The day before yesterday I commented on Occam’s razor. The basic principle is that, “simpler explanations are, other things being equal, generally better than more complex ones.” I also commented that many conspiracy theories fail that test. I should comment that there is usually no easy way to disprove a conspiracy theory, most of the time. One can only pile up evidence against them. And, there is a reason why it is difficult to disprove a conspiracy theory:
To understand why, consider that, for each accepted explanation of a phenomenon, there is always an infinite number of possible, more complex, and ultimately incorrect alternatives. … Put another way, any new, and even more complex theory can still possibly be true. For example: If an individual makes supernatural claims that Leprechauns were responsible for breaking a vase, the simpler explanation would be that he is mistaken, but ongoing ad-hoc justifications (e.g. “And, that’s not me on film, they tampered with that too”) successfully prevent outright falsification. This endless supply of elaborate competing explanations cannot be ruled out – but by using Occam’s Razor.
In other words, if you have ever had a friend who was into conspiracy theories, you know that no matter what objections you have, your friend was always able to add another layer of explanations as to why their theory had to be correct. In the same way, when you talk to dispensationalists, it never matters how often their predictions are wrong. They will never admit that their basic method is wrong. They have simply made a mistake in interpreting the Scriptures. Thus there is a history of dispensationalists predicting the start of the Tribulation many times. Every time they have failed. And yet, when pressed the answer always is that they have simply misinterpreted the signs, not that perhaps their way of looking at Scripture is simply mistaken.
Even smaller predictions have failed. For instance, one of the classic ones from past decades was the prediction that the then 10 nation European Community was going to become the 10 nation confederacy mentioned in Scriptures. Of course, the European Community is now more than 10 nations. Nevertheless, for those of you who know dispensationalists, you know that they have come up with explanations that simply repeat the refrain that they were wrong in that case, but that the Word of God is true. Well, I happen to agree with that statement, but I would go farther and say that their entire method is wrong and will lead to mistake after mistake.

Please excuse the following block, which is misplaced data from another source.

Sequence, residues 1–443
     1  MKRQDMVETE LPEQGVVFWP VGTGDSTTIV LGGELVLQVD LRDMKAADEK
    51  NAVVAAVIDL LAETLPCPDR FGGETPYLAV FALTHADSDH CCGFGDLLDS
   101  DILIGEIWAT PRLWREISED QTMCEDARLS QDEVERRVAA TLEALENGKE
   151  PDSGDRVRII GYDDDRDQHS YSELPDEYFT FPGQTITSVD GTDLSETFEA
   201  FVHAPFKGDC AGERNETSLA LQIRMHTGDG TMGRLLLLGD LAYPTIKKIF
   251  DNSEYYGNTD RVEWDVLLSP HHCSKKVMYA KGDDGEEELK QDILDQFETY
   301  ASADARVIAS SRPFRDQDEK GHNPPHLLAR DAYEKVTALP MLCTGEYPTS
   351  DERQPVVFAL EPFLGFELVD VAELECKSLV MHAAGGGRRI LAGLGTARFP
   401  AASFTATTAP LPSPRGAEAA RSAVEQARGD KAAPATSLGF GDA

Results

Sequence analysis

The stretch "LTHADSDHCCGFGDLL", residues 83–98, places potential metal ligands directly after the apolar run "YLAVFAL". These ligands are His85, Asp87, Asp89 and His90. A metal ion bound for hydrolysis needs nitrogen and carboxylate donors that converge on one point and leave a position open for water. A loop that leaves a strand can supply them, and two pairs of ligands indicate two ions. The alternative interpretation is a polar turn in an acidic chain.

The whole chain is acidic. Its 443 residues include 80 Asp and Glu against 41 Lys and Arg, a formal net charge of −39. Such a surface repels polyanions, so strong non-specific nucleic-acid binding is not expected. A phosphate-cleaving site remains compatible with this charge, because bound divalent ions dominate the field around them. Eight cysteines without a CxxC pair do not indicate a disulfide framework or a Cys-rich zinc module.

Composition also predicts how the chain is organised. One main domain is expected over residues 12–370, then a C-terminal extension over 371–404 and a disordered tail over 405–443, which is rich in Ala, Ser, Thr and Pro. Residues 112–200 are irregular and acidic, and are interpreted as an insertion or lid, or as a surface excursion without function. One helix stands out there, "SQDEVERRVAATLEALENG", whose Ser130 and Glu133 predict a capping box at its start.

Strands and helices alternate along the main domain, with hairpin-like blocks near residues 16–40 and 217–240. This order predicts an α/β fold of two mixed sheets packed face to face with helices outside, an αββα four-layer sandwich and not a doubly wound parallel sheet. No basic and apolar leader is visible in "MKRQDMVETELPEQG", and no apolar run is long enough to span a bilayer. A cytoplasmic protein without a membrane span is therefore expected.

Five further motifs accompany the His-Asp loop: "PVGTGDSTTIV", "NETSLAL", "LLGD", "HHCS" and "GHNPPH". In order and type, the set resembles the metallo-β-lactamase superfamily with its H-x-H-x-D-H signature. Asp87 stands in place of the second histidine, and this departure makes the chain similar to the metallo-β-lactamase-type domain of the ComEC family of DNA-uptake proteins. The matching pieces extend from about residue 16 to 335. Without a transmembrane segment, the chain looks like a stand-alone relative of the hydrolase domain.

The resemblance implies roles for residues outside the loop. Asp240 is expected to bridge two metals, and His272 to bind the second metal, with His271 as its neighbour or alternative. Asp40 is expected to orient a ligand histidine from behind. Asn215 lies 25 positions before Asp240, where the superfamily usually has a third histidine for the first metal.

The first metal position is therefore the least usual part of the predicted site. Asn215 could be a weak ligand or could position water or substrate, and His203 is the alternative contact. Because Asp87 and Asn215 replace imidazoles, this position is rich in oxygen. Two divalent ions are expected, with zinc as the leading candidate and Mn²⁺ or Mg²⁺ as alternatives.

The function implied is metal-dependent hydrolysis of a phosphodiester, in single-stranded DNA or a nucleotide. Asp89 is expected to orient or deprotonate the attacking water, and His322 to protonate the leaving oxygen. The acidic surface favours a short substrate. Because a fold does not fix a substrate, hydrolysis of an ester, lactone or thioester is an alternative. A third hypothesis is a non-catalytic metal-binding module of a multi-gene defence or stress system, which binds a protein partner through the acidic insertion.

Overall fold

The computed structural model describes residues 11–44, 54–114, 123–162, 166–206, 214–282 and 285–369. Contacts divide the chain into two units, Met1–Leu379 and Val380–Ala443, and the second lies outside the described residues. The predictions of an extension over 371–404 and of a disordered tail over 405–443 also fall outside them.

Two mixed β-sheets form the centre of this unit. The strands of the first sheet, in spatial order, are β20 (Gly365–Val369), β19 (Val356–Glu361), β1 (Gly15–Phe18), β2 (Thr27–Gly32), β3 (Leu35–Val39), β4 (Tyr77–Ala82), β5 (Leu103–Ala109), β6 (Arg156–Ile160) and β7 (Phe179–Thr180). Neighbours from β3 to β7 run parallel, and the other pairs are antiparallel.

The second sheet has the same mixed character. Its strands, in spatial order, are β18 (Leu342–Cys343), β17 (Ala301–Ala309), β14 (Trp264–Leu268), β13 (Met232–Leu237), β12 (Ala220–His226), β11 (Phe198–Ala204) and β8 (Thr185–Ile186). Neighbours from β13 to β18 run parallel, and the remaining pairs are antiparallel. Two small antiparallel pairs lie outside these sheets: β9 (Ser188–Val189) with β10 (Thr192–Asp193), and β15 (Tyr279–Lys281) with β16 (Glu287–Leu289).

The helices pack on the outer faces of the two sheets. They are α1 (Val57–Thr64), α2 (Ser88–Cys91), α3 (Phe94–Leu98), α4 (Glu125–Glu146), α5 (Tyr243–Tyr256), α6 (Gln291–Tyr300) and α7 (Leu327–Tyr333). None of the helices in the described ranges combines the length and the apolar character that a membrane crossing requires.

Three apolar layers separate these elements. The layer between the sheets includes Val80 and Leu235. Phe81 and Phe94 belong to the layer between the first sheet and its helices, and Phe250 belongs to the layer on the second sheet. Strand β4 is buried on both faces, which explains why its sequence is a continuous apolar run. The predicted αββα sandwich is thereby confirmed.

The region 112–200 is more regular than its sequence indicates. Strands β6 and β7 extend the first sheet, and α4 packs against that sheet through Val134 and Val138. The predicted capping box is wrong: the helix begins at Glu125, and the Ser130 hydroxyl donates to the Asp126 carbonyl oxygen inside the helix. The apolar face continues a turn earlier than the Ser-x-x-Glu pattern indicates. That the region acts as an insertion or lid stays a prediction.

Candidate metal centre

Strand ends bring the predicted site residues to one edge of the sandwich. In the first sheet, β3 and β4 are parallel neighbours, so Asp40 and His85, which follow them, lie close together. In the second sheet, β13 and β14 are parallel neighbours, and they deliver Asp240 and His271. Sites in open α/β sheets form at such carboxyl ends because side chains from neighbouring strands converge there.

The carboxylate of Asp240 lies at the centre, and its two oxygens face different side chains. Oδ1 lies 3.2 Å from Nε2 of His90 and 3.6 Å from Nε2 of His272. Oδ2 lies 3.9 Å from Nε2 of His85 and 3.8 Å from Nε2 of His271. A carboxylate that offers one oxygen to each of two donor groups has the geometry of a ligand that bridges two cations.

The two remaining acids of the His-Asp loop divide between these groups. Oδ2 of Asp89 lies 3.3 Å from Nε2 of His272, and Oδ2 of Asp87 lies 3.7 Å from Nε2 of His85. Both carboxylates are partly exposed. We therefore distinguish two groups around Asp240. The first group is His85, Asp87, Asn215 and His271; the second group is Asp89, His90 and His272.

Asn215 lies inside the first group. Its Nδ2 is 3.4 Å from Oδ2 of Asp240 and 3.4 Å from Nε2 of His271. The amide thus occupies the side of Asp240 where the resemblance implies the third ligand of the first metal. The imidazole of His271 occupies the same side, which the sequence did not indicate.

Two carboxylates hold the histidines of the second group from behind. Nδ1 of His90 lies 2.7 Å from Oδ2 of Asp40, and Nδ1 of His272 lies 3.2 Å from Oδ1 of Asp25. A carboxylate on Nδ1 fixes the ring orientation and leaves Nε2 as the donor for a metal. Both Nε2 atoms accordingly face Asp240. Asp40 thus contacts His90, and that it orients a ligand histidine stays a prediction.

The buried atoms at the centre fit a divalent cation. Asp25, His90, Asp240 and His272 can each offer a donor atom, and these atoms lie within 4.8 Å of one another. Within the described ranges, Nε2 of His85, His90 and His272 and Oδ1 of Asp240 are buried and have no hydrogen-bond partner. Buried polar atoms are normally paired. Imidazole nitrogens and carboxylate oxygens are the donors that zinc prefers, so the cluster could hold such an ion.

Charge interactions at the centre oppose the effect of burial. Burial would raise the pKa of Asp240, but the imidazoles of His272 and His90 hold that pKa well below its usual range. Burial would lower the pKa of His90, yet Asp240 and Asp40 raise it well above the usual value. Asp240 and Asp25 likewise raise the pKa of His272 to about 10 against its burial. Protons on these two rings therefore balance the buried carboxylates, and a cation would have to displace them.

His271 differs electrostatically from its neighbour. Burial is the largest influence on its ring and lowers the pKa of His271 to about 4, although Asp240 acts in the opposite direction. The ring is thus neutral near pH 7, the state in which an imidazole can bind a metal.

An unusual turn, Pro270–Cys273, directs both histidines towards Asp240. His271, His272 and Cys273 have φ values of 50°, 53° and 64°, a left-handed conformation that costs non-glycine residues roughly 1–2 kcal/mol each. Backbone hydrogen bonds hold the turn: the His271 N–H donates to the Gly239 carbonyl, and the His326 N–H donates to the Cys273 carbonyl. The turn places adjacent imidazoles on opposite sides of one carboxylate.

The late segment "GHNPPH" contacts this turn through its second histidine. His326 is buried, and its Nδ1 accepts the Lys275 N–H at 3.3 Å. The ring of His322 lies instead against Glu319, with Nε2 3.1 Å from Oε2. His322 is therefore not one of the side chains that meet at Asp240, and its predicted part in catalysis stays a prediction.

Because dispensationalism has as its viewpoint that the End Times will come in the midst of a massive conspiracy by the Anti-Christ, and because of their belief that God intended for them to read and interpret the signs of the end times, they are primed to believe in conspiracy theories. You see, if you are looking for signs that the Anti-Christ has arrived and is engaged in his conspiracy to take over the world, then you are primed to believe in conspiracy theories that show the world going to the Anti-Christ. In passing, that can also become true of other groups, if they are either under pressure or if they are in a situation in which their beliefs require that there be a conspiracy.
This is where a correct use of Occam’s Razor can be helpful in showing that the dispensational theories are mistaken. Having said that those who believe in the conspiracy theories will not be dissuaded by Occam’s Razor or by any counter-evidence that you can provide. Sadly, this way of thinking (that is conspiracy theory thinking) has now spread to a vast swath of theologically conservative Christians in the USA. And, as a result, there had been a concomitant loss of logical thinking and logical evaluation of ideas in favor of the conviction that conspiracies abound.
===MORE TO COME===